There have been men who have proposed to me to return to slavery the black warriors of Port Hudson & Olustee to their masters to conciliate the South. I should be damned in time & in eternity for so doing. The world shall know that I will keep my faith to friends & enemies, come what will.

My enemies say I am now carrying on this war for the sole purpose of abolition. It is & will be carried on so long as I am President for the sole purpose of restoring the Union. But no human power can subdue this rebellion without using the Emancipation lever as I have done. Freedom has given us the control of 200 000 able bodied men, born & raised on southern soil. It will give us more yet. Just so much it has sub[t]racted from the strength of our enemies, & instead of alienating the south from us, there are evidences of a fraternal feeling growing up between our own & rebel soldiers.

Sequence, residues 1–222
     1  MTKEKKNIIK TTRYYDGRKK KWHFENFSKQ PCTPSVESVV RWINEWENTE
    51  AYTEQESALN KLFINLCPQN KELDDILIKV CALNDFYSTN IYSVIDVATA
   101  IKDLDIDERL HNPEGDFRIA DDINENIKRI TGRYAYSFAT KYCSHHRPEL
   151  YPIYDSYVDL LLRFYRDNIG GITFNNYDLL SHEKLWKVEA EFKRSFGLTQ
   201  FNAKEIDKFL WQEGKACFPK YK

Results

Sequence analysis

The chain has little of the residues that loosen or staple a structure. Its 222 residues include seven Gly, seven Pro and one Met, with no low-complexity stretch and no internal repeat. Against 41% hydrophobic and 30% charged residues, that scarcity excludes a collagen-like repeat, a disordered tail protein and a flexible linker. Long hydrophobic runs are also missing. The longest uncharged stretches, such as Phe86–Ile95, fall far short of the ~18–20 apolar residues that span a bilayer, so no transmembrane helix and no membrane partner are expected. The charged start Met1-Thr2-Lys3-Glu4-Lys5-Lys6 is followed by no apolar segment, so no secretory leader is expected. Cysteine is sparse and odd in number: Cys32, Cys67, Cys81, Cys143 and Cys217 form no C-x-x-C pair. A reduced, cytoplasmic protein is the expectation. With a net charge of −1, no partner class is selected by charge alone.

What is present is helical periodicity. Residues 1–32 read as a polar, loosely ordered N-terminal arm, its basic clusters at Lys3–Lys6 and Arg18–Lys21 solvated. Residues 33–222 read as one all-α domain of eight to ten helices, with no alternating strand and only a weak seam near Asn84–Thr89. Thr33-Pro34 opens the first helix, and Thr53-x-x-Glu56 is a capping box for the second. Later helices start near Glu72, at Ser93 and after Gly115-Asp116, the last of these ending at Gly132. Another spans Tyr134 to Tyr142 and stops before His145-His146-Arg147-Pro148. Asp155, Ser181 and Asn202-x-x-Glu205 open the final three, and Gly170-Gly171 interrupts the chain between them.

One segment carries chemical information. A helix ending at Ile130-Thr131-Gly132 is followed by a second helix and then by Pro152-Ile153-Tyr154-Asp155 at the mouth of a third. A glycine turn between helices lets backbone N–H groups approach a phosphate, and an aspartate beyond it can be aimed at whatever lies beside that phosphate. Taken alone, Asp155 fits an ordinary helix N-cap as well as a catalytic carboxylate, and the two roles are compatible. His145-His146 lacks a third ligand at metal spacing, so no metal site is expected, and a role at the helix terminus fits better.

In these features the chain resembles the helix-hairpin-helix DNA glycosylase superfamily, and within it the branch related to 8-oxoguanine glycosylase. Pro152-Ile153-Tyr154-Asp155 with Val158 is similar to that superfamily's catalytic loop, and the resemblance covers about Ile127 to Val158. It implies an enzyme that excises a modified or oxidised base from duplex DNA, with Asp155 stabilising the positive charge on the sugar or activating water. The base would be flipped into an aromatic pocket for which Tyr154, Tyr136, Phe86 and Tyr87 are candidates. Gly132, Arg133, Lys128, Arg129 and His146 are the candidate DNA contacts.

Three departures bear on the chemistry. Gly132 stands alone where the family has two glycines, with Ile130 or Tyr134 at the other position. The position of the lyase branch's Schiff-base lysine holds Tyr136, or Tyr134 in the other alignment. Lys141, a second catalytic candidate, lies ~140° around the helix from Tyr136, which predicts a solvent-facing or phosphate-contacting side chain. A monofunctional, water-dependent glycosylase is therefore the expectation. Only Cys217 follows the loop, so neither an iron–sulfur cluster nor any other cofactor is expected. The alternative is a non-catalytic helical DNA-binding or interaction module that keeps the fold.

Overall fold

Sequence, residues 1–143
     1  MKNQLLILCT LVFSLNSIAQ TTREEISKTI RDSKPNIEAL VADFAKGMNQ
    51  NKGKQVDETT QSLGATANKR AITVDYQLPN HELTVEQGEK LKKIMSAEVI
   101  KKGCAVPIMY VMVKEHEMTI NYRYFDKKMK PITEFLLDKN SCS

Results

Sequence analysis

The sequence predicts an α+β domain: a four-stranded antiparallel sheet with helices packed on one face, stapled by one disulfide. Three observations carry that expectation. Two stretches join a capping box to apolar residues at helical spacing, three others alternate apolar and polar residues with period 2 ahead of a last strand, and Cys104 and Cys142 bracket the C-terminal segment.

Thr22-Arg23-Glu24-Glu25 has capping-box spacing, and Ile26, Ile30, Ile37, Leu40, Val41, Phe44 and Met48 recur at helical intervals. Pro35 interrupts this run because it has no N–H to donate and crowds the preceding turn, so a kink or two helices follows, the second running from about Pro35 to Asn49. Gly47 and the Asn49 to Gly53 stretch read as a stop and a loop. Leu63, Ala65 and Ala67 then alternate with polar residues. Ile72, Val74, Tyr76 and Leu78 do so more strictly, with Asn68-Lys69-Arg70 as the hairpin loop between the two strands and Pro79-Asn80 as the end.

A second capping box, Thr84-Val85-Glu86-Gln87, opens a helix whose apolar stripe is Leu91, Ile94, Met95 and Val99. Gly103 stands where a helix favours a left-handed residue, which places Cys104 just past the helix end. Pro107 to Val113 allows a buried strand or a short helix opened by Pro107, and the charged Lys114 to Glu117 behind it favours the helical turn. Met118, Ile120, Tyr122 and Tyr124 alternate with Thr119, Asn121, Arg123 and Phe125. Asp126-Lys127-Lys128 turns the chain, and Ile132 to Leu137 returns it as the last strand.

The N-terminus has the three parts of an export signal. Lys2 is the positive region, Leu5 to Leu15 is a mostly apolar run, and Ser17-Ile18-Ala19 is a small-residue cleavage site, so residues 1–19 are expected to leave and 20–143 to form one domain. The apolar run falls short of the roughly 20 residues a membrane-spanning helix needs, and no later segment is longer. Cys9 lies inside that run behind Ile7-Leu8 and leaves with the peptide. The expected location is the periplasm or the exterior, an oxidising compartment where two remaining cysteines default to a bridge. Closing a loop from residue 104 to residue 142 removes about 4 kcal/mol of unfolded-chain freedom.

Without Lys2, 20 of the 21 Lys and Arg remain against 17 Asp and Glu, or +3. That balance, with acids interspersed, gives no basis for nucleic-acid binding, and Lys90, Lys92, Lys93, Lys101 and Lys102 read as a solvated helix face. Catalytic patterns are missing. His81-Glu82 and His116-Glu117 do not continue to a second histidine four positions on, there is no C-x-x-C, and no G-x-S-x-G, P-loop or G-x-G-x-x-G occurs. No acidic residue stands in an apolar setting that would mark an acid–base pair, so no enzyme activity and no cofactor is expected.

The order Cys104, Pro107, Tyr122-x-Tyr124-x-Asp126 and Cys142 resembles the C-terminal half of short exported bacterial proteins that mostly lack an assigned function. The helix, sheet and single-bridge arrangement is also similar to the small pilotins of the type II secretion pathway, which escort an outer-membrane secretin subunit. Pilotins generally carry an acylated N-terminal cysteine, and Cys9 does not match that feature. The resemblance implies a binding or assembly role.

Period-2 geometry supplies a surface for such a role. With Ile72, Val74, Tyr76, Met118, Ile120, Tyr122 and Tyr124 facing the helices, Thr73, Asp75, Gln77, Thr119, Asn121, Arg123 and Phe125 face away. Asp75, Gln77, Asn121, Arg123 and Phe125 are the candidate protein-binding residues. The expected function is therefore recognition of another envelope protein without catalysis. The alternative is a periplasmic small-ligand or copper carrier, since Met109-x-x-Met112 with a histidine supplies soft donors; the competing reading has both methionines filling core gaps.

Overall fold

My enemies condemn my emancipation policy. Let them prove by the history of this war, that we can restore the Union without it.

[1] George B. McClellan had been a high ranking general in the Union army. He was relieved from command by Lincoln for lacking the aggressiveness needed to successfully engage Confederate forces led by Robert E. Lee. In 1864, McClellan was nominated to be the Democratic candidate for president. He lost the election to Lincoln in November of that year.

Self-emancipation during the Civil War: Remembering the Corinth Contraband Camp, MS

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Statue and markers near the entrance to the Corinth Contraband Camp, in Corinth, Mississippi.